Liked by 1 person

        • I’m impressed. I thought monks lived fairly austere, communal lives.


          • Ali Isaac

            They did initially, and there were hermits too. But there was a lot of corruption in later years, too, and those in higher positions, such as the abbots, came from wealthy families. Some were even chieftains, had families, and passed on their position as abbot to their sons! But that was an abuse of their power.


  6. Not quite what St Benedict had in mind.

    Liked by 1 person

  7. I enjoy seeing these pictures. I have read a lot of novels that mention a solar, but could never clearly picture it. I can’t help but wonder if they might have had plain leaded glass or colored glass windows.
    I am pleased that you do research like this!

    Liked by 1 person

    • Thank you. It is useful to be able to see things that confuse you a little when you read. I don’t know whether the glass would have been plain or coloured. That’s something else to investigate.

      Liked by 1 person

      • I was lucky enough to spend two nights in the wonderful Long Crendon Manor – 12th century hall, 14th century chambers/bedrooms. The glass in all the windows was ancient and clear, and although it rained most of the time we were there, the owners told me that when the sun shines on the glass first thing in the morning, because of all the imperfections in it, it bkazes with colour and looks as though it is on fire. I would have loved to have seen that. It must have been stunning.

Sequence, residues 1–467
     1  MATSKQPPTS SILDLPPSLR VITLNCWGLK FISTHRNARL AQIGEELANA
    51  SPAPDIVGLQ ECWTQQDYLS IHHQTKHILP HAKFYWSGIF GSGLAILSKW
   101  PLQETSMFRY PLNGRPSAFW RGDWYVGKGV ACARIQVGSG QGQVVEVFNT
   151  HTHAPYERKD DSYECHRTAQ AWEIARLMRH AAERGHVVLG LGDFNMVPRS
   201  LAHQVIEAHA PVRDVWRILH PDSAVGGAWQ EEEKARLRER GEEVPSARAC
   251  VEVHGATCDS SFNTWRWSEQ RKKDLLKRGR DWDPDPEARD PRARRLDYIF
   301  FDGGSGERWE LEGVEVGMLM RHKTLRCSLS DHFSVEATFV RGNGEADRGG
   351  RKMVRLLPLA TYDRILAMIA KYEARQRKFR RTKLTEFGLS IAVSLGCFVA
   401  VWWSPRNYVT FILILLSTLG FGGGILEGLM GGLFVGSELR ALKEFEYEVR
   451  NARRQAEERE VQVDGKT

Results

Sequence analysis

Liked by 3 people

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  9. Reblogged this on lorettalivingstone and commented:
    Solar power!

    Liked by 1 person

  10. Excellent shots! I’m joining in the chorus of people who had different expectations of what a solar would look like. Thanks so much for yet another interesting bit of information!

    Liked by 1 person

  11. Shaunn Munn

    I may be all wet or just showing a wide romantic streak, but I’ve looked upon the solar as a ladies retreat. While the men finished their meals in the great hall & conducted business, the women gathered in the solar to nibble on fruit & comfits, embroider, discuss child-rearing, music, romance, gossip, & hum-drum domestic matters.

    I see the solar in a northern tower of the castle grounds, with at least one south-facing, glazed window, overlooking a family-only portion of the inner court. From there, the ladies can watch children run about below. Perhaps the solar relied on braziers for warmth. In a corner, stood a screened close-stool for her ladyship’s & lord’s personal needs.

    Many rooms of castles relied on outside stairways. Perhaps this tower housed a room above, overlooking the outside, which would be for storage
    and defense. A lower room might be a nursery. These rooms may share a stairs with the solar, or have entirely separate means of entry. The upper-most room might be part of a crennelated outer-work accessed only by a cat-walk.

    When business was conducted, the lord would come to retire for the night. Perhaps a guest of rank would be entertained privately for a bit. Later, the ladies prepared their mistress for bed & left for their pallets outside the door. Once she was abed, the male attendants would come & bank the fire or brazier and disrobe the lord. Warm mead, ale or spiced wine & a charger of sweetmeats & dried fruit were set out. Then, the bedtime ritual would conclude as the lesser folk bowed their way out.

    Yeah, I’m very much a romantic! But maybe it DID happen this way somewhere!

    Liked by 2 people

  12. Would the windows have been 14th century or 17th century?


  13. Do you remember if the circular part of the center window had geometric circles with in the overall ocular window?